|Catalina 309 wins Boat of the Year honors from CRUISING WORLD Magazine|
| Domestic Boat of the Year honors went to one of the smallest sailboats in the running, the Catalina 309, which is built in Florida. The 309 is a sweet sailer with room below to take the family along at a price a family could afford, and the BOTY judges concluded that Catalina was right on target with this entry-level cruiser.
The winner: After visiting and sailing both entries, judges found the Catalina 309 to warrant the title of Best Small Cruiser. In order for the judges to make fair comparisons between boats, we ask builders to give us prices with certain pieces of equipment included and others excluded (actual purchase prices may vary). Based on these, the Catalina cost about $100,000 - $40,000 less than the competition, and it's the next generation's take on the venerable Catalina 30, a model that can be found in nearly any harbor in the States. (See "A Collaborative Compact Cruiser," August 2006.)
Designer Gerry Douglas, who was on board for the test sail, said he intended the 309 to be a durable, simple, good-performing, and affordable family cruiser. And according to the judges, Douglas and Team Catalina hit the bull's-eye with this delightful little boat.
Under sail in light winds, the 309 , moved smartly, tacked well, and carried a helm that was comfortable. A high bridgedeck offers protection from any seas that might come aboard, and these would flush quickly from the self-draining cockpit. Some inspired thinking went into the placement of deck gear, the judges noted; systems were well thought out, and with the exception of a missing gasket on the LPG locker, well installed.
Below, there's good ventilation, tanks are installed properly, and BOTY judge Peter Wormwood appreciated the labeling on through-hulls. The dining table is stowed in the aft cabin, opening up space in the saloon when the table's not needed, and the layout provides both a roomy V-berth and a double aft cabin. Topsides, the judges noted the wide, clear decks and easy access to the cockpit.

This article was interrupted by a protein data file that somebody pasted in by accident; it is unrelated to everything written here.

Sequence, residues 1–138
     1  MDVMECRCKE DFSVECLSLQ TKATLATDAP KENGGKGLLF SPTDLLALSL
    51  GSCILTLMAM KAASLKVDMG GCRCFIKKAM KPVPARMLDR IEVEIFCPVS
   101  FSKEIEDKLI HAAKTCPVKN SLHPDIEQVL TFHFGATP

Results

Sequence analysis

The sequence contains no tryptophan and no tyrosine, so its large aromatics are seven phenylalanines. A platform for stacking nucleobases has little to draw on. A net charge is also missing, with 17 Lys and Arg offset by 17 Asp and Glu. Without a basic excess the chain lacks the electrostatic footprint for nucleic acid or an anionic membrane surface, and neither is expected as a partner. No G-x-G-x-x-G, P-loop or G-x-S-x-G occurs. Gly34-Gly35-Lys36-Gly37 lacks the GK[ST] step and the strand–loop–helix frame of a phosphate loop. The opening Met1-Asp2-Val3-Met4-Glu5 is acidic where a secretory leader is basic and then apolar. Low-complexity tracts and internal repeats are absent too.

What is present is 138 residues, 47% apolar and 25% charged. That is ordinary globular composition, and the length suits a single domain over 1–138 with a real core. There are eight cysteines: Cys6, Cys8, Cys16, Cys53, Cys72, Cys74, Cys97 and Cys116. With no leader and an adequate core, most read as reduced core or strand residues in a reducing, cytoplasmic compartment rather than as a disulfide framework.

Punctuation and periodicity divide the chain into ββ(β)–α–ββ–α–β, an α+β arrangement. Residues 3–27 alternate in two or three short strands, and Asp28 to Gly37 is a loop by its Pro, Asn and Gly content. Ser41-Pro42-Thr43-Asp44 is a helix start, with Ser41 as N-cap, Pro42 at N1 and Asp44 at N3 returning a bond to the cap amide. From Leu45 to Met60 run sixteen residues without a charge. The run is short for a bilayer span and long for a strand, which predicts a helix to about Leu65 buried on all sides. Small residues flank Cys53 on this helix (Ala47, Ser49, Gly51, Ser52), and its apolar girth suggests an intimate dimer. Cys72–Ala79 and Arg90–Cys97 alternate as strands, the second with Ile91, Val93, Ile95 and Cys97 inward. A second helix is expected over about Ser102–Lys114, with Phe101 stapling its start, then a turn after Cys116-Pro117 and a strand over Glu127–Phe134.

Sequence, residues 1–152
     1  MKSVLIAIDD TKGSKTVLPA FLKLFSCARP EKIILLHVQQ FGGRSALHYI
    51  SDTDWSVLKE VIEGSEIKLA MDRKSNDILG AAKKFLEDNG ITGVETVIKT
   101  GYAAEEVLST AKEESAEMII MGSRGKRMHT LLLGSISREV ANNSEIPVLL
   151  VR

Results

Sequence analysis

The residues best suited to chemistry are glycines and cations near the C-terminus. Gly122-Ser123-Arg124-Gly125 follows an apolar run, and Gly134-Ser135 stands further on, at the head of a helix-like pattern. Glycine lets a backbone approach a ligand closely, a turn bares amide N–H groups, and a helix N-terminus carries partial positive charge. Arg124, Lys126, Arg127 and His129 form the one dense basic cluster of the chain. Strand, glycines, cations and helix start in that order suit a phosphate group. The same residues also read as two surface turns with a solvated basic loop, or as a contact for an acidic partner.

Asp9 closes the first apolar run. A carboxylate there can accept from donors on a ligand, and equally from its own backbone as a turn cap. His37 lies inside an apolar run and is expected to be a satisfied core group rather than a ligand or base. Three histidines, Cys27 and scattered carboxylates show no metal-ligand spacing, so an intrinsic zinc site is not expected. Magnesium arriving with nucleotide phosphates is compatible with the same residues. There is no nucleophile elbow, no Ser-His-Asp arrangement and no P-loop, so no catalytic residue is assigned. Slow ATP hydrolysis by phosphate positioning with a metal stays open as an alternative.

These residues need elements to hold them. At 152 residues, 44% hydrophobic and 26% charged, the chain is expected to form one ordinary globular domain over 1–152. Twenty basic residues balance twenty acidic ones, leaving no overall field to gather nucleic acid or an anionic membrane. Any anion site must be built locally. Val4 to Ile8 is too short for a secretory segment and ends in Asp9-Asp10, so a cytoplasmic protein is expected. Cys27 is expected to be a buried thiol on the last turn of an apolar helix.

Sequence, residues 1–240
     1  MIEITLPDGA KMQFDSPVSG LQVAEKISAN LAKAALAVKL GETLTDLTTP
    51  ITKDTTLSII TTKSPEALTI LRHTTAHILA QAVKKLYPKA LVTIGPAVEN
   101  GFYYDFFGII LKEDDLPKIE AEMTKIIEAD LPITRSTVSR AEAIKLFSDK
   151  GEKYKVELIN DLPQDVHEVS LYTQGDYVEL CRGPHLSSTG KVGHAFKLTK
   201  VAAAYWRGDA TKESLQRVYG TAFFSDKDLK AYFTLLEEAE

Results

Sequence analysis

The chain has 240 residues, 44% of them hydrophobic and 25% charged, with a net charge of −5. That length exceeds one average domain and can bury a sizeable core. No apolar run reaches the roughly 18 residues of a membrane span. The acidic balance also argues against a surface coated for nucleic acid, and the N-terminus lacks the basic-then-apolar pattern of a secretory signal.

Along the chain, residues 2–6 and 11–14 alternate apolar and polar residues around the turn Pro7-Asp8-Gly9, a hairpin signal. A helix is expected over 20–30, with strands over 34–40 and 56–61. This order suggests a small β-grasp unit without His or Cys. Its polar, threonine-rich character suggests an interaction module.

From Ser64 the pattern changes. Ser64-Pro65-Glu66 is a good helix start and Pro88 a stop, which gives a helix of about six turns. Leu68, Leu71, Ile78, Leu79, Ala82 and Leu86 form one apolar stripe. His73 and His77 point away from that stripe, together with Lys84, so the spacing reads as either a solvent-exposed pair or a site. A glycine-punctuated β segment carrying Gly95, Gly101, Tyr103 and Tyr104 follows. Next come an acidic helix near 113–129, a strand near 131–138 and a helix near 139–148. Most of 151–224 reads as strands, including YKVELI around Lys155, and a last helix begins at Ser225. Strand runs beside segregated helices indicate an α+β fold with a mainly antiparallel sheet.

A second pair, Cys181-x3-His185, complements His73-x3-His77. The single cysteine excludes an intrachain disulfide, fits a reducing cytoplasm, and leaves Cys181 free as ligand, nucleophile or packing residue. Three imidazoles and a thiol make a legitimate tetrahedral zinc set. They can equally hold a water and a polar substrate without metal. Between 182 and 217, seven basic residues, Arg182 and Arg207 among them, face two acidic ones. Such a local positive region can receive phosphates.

For BOTY judge American Boat & Yacht Council systems guru Ed Sherman, the Catalina's electrical panel incorporated innovation that helped the builder achieve its ambitious price point. Rather than breakers, well-marked automotive-type fuses were used. Not only were they color-coded; they also could be easily removed and replaced with ones of a different amperage (within the constraints of the wiring) when new equipment is added.
In their discussions of the 309, the judges touched upon an issue that also would be a deciding factor in the boat being named Domestic Boat of the Year. By accepting perhaps smaller margins from the sale of an affordable, easy-to-handle boat, Catalina hopes to attract new sailors to the sport. If they like what they find, they'll learn the ropes and likely buy up to a more-profitable model in years to come. Such an approach is important for the health of the entire industry, the judges said.
Summing up his thoughts on the Catalina 309, Peter said, "I really like the boat. I think the company hit what Gerry Douglas said the target of the boat was: sailors entering into the sport buying their first Catalina, an entry level boat, something that would keep them in the Catalina family. I would recommend the 309 to someone getting into it. I was really pleasantly surprised with the boat."